Lots of hits and a few misses at this year's Inside Design Amsterdam, but it is the graduates who have the best ideas.
Fresh out of school, three of the best offerings at this weeks Lloyd Hotel metamorphosis project are bright young graduates, Nienke Sybrandy, Ontwerpduo and Maren Hartveld.
Tucked away in the basement corner is a small space devoted to the work of Rietveld Academy graduate, Nienke Sybrandy.
“My work is not about designing new things,” Sybrandy says. “But rather, investigating what’s already here more directly.”
That investigation takes the form of questions asked by the designer of her household objects. Through analyzing possible answers, she ends up establishing a very close relationship with those objects, which in turn become her materials.
And it is a relationship in the organic sense because Sybrandy’s materials are or were alive. Flowers, seed, leaves and their assorted paraphernalia are both muse and matter.
In one piece Sybrandy probed the fourteen-day lifecycle of a bouquet of flowers. Rather than depict the stems in their various states of demise, she moulded fourteen vases. The first is upright and sturdy and from there the objects dishevel and disintegrate until finally nothing but a rough lump of clay remains.
For another piece Sybrandy collected the leaves from windowsill plants as they fell. Using a surgery knife she carved facial expressions into each leave that reflected her mood that day. Then she pinned each dead specimen onto a board writing specific date details of its fall underneath.
As the leaves further dried, the carved facial expressions become more extreme and sometimes even scary, as a decomposing body might.
“The board works like a family tree,” Sybrandy says. “The whole plant, or the whole family is preserved here together and is dated.”
Sybrandy’s preference for living things conflates the dark and the beautiful. “I’ve always had plants in my house,” she says. “And even when they die and grow ugly, I never want to throw them away because they tell a story.”
Tineke Beunders and Nathan Wierink are graduates of the Design Academy Eindhoven. They opened their own studio, Ontwerpduo, in their second year of college. “When you are a student you have so many great ideas,” explains Wierink. “It’s a waste to not start working with them straight away because it can take years before they are actually produced.”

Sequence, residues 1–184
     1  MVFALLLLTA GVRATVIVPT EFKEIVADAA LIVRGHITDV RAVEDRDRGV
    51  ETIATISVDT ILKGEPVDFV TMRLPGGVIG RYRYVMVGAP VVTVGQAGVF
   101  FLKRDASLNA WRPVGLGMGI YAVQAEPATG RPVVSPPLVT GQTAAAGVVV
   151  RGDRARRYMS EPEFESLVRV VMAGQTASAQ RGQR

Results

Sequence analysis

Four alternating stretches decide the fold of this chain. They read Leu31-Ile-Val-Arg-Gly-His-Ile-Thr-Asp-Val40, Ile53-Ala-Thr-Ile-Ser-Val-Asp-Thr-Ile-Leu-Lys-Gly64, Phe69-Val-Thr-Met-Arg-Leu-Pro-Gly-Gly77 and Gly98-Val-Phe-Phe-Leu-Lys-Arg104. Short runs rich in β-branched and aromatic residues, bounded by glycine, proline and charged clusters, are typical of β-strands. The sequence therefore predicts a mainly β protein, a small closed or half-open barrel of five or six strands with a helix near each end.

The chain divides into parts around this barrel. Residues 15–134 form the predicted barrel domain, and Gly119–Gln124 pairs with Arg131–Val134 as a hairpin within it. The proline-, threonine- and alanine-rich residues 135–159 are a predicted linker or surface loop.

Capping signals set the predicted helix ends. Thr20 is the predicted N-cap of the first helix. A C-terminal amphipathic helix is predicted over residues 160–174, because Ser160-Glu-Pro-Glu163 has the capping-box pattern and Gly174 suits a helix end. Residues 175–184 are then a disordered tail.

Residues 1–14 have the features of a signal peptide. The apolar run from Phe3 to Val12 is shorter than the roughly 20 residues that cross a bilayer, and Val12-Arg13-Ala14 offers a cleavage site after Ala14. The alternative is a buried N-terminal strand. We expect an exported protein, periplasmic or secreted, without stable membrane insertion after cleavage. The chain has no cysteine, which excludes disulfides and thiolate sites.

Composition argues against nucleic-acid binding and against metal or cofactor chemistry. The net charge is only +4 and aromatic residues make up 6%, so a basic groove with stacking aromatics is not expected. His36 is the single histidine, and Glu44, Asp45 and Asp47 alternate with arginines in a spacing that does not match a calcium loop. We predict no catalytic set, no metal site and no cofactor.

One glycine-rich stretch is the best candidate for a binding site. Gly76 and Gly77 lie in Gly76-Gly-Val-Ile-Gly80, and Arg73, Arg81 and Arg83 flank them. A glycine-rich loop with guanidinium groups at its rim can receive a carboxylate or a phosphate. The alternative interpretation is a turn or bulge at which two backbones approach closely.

For Inside Design Amsterdam they worked with a room that was already fitted with a six-person bed - an ideal match given the direction their work is taking. “We like to create objects and spaces for children where nothing is forbidden,” says Wierink.
In front of the bed, which is smothered in bright colours to encourage jumping and pillow fights they placed Marbelous, a long carved table, which doubles as a marble track. Drop a marble into any of the four corner holes and it starts on an elaborate maze that wraps the table legs and traverses the length of the tabletop.
“We wanted this to work for adults and children,” Beunders says. “I’ve noticed that even the most serious person can’t walk past without giving it a go.”
The inspiration was childhood memories, and reminiscing about hours spent under dull tables playing games of make believe. “If you look closely, the most interesting part of the table is the underneath,” Beunders says. “It’s such fun for a child to be under a table. It’s a safe haven, there is a roof and the adults never go there.”
The room also has a series of low tables sprawled with drawing equipment and edible playdough (marzipan). Lining the windows are perforated curtains and baskets filled with strips of coloured felt. “An adult can thread the strips to create a colour palette for a season and a child can make crazy shapes and animals,” Wierink explains.
Wierink and Beunders share a working relationship that is based on open criticism. “It’s fantastic,” Beunders says. “He can tell me if my idea is shit and I accept it … every designer needs that sort of harsh and honest feedback.”
Maren Hartveld only graduated from the Design Academy Eindhoven two months ago. Her graduation piece was the Zacht Bad, (or tender tub in English) which sets about to challenge the take-for-granted acceptance of baths as cold, ceramic and static objects.
“I started with the question, why can't you sink into a bath like you can into a couch?” Hartveld says.
“Baths are hard and water is soft and I wanted to minimize that contrast and make the bath more fluid.”
The result is a free standing, off-white bathtub beautifully styled in an abandoned corner of the Lloyd Hotel. It is made from foam rubber and coated in polyurethene (a material used for hospital mattresses) with a powder coating.
Right now the piece is just a prototype and Hartveld’s next step is to conquer the technical hiccups like how the bath will connect to the water supply and ensuring that the powder coating it is durable.
“But I think these are all solvable,” she says. “I’d really like to produce this and I definitely think it is possible.”
See these and more at the Lloyd Hotel during Inside Design Amsterdam. Runs until 15 September
Image: main, Tender Tub by Maren Hartveld. others, Marbelous by Stdio Ontwerpduo
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